Complying with Australia’s GST rules is costing small businesses big time – more than $13.7 billion a year, according to new research recently released by accounting software provider, MYOB.
Based on a survey of 1026 SME owners and managers, the research uncovered the true cost of the GST burden on the men and women running small businesses across the country.
The survey found that an SME spends an average of 84.1 hours a year to collect the tax on behalf of the Australian Government – this translates to more than two full working weeks a year (based on a standard 38 hour working week).
This equates to $6,778 a year for each of the estimated 2.02 million SMEs and non-employing business operating in Australia – or $13.7 billion a year across all SMEs.
The research also identified exactly whose shoulders the GST burden falls on in a business – of the 84.1 annual hours of work each business commits to the GST, 64 hours are by the owners and managers, time that should be spent on important business decisions.
MYOB CEO Tim Reed says the government needs to better understand the impact the GST has on the running of a small enterprise.
“If Australia is to have a debate on the GST then let’s start with the way it is collected and reported. Let’s look at ways to ease the cost and burden on SMEs.”
“The GST represents two full weeks where the owner’s attention is dragged away from the day to day running of their business,” Reed pointed out. “This is a significant drain on the productivity and profitability of our SMEs.”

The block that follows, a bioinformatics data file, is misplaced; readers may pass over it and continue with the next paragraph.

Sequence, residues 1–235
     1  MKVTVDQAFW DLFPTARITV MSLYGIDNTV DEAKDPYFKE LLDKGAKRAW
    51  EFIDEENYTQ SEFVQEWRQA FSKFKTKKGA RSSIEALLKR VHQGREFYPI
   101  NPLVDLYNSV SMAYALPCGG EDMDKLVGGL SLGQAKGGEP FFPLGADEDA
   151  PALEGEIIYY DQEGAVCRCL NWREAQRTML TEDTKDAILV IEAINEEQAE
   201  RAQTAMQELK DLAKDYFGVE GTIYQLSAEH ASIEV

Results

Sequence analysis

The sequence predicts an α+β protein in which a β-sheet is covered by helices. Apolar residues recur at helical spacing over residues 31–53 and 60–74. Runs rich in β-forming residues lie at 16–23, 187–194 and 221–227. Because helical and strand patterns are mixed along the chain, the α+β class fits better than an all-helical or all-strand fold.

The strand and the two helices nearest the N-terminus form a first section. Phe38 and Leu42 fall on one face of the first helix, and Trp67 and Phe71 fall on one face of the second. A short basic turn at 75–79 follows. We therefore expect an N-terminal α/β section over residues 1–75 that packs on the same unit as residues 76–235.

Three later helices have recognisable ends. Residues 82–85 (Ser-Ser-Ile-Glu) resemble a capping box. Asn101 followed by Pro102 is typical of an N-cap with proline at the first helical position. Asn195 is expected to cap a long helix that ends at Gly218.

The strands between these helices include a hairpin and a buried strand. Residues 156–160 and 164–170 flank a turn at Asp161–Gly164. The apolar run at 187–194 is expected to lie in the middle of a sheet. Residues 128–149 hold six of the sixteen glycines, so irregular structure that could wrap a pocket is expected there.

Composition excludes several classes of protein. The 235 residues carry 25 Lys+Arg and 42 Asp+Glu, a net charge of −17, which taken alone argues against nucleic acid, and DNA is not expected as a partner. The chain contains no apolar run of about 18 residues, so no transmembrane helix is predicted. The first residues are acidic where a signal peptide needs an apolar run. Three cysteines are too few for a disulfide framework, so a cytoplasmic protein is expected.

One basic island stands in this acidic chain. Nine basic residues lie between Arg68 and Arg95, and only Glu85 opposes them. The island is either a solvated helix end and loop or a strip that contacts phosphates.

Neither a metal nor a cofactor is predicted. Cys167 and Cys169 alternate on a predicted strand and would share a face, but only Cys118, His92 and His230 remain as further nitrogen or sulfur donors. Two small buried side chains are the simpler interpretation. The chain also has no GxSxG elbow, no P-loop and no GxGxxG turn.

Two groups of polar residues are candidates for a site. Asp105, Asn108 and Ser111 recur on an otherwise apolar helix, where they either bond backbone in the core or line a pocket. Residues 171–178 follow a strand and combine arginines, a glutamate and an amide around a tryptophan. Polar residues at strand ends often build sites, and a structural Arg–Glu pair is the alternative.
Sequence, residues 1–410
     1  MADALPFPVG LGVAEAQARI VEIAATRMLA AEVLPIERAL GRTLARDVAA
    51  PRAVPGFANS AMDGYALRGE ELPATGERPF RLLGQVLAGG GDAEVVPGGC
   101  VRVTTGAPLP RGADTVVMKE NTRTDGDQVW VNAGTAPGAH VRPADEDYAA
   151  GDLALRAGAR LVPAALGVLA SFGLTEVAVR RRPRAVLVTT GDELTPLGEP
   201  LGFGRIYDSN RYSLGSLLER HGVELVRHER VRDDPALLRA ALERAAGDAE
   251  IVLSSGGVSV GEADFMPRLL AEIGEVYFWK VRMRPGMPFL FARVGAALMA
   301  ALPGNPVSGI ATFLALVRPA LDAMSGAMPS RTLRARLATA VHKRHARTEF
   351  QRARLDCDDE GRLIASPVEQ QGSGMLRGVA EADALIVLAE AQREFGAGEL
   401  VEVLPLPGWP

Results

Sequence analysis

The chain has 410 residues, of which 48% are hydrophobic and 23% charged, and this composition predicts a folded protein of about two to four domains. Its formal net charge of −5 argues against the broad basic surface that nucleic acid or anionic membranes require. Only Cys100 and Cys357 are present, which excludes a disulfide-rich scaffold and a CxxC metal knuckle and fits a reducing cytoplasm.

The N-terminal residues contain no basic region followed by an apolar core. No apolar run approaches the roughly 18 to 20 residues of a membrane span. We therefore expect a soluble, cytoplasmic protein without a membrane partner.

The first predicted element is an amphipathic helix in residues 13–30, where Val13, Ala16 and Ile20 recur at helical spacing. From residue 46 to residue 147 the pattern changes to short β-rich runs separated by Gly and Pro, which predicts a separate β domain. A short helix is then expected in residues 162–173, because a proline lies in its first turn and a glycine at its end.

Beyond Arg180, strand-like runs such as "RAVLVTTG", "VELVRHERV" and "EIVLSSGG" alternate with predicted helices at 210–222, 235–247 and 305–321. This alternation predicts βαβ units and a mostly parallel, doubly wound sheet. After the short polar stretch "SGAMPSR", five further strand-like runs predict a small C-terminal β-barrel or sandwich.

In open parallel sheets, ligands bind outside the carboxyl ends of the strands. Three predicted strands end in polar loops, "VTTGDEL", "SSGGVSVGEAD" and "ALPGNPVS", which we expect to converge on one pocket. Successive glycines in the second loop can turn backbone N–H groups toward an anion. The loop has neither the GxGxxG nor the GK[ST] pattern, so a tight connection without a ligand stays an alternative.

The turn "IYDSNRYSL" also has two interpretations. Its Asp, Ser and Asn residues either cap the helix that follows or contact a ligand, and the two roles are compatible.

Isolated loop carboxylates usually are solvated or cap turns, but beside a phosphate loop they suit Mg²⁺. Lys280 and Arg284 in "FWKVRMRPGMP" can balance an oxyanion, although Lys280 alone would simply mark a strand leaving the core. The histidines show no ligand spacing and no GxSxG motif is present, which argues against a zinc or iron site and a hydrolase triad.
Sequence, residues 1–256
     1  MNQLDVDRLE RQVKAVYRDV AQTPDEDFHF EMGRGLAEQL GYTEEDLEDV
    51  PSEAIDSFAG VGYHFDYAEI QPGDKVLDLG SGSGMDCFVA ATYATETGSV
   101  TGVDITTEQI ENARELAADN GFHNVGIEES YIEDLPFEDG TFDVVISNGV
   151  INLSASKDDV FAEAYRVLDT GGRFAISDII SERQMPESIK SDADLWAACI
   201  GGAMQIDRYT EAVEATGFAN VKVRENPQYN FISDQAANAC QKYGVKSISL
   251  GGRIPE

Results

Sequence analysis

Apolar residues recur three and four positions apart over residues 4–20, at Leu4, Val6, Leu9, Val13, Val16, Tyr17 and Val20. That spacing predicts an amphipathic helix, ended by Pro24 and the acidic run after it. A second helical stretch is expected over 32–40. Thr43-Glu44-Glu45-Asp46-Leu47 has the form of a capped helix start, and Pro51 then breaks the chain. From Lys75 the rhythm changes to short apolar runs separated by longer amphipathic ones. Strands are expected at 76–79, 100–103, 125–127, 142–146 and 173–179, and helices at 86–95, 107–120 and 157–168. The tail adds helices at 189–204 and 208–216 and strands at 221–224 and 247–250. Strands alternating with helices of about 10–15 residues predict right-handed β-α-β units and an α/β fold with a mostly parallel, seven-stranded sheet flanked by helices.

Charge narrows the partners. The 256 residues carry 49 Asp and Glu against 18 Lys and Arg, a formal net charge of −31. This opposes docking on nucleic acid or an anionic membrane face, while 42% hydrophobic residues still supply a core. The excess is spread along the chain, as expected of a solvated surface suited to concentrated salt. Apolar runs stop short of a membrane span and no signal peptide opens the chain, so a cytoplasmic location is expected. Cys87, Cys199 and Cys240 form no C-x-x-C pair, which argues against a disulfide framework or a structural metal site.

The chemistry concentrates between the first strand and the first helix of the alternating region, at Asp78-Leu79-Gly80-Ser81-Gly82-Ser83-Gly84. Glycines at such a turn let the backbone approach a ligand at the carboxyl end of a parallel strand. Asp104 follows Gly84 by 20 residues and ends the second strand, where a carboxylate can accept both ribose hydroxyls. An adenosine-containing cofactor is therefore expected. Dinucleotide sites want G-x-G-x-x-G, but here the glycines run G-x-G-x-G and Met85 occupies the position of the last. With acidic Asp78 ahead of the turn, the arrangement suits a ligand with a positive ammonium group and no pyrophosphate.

“If the Government’s focus is on improving Australia’s productivity and reducing red-tape, then easing the burden of GST compliance should be a priority,” he stated.
Here is a possible solution to this GST burden
The survey found that the biggest problem for SMEs is the recording of information needed by the ATO, which takes 78.2 hours a year on average of the total 84.1 hours spent on GST.
SME operators currently need to assess each transaction on an invoice to determine whether GST applies or if the transaction is GST-free.
They then have to assign each of the GST-free transactions into one of eight possible categories, based on the Australian Taxation Office’s (ATO) GST-free codes.
Keep in mind that the need to determine and assign codes has nothing to do with the collection of GST revenue as it only relates to transactions that are GST-free. The GST-free codes are used by the ATO to benchmark industries for auditing.
Reed called on the Australian Government to make a simple and effective reform of the GST by abolishing the requirement to provide additional information on GST-free transactions.
“We need to simplify the GST so that small business operators need only determine if a transaction is one where GST applies or if it is GST-free,” he said.
“The need to allocate a GST-free code to each transaction results in uncertainty, confusion and compliance risk. It has nothing to do with the GST the company is required to pay.”
Reed further highlighted that this reform would bring Australia in line with neighbouring New Zealand where there is no requirement to report additional details about GST-free transactions, making it easier for small business to comply.
Australian businesses are spending twice as long on GST compliance than their peers over in New Zealand. A New Zealand SME needs 39 hours on average to comply with the GST each year, less than of the 84 hours that have to be devoted by Australian SMEs.